1. Standard memberCalJust
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    26 Apr '06 07:05
    Can somebody please help me here?

    As I understand it, evolution is based on the following two principles:

    1 During reproduction, small "copying errors" occur, call them mutations.

    2 Natural selection then works on these copying errors, and beneficial ones are preferentially selected for continuation. The sum of many such beneficial mutations, over large amounts of time, effect the changes in the species and may form another specie.

    If this is correct, then please explain the following to me. If this is NOT correct, then we don't have to go any further and please correct my mistake.

    Assuming, however, that it is correct, then I have a real problem with the formation of some existing, internally consistent systems.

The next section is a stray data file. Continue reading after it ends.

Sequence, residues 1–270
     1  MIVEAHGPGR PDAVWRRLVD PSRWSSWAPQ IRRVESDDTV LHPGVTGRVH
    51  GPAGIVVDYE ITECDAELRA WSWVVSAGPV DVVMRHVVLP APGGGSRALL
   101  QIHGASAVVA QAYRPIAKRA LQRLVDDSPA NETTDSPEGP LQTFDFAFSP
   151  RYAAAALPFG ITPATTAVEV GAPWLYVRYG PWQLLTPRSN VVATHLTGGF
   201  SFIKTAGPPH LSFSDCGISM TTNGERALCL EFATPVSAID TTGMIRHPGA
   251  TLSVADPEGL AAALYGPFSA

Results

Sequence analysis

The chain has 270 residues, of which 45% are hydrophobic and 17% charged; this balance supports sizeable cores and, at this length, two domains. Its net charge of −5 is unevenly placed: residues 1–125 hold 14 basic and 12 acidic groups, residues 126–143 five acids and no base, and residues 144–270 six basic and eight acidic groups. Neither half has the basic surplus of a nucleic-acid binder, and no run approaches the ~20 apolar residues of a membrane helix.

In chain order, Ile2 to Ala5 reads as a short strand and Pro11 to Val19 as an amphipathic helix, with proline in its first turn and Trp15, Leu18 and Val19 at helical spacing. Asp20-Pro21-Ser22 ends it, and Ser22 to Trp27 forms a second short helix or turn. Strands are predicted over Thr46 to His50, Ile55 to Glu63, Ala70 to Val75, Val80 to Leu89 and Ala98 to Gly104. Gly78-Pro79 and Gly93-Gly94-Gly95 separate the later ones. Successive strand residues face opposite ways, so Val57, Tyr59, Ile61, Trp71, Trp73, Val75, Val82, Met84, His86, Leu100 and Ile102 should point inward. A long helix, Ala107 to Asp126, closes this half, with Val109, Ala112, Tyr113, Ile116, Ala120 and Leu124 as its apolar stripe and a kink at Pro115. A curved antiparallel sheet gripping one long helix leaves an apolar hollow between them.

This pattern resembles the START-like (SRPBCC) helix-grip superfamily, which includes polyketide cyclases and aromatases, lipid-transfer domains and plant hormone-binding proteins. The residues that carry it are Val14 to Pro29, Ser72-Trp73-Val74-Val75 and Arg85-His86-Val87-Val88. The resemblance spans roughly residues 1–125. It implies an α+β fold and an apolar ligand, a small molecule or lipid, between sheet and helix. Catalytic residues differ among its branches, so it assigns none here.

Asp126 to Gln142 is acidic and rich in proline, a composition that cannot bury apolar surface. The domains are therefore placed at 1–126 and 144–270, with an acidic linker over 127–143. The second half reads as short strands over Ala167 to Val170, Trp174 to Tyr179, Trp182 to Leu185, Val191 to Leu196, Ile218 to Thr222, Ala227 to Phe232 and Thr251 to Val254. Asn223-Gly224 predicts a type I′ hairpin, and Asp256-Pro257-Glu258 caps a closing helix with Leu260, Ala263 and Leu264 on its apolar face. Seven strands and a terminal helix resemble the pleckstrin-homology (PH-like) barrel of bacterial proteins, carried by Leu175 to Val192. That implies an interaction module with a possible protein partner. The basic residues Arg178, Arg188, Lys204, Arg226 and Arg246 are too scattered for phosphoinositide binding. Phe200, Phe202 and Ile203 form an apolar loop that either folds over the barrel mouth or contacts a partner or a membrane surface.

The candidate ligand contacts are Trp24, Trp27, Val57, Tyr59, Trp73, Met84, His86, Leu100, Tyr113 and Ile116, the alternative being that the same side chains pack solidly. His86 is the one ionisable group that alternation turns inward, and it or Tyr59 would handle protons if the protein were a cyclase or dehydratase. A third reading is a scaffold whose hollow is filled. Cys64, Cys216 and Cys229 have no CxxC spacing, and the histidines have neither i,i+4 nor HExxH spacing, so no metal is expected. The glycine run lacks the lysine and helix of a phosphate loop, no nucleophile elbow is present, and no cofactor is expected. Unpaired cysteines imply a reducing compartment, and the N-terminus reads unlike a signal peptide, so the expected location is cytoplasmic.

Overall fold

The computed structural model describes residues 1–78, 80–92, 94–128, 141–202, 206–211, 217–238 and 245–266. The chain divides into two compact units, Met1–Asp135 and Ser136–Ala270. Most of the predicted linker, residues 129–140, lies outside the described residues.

Take for example the simple system of chicken and egg.

    If this evolved from something else, (whatever that may have been) can someone please explain to me how this system could have come about by small, incremental, beneficial mutations from any other system?

    Can the intermediate stages, even over millions of years, be postulated from a non-egg laying reproductive system to an egg-laying reproductive system?

    I read somewhere the reply given by Richard Dawkin to the chicken-and-egg question. His reply was that the chicken obviously came first, and there must have been a primordial chicken that lay the first egg. I assume that this was a tongue-in-cheek reply, since nobody could postulate that a non-egg laying animal could, in one generation, suddenly develop the complicated biological mechanisms to allow egg laying. But maybe he was serious, who knows? But I find this reply intensely dissatisfying.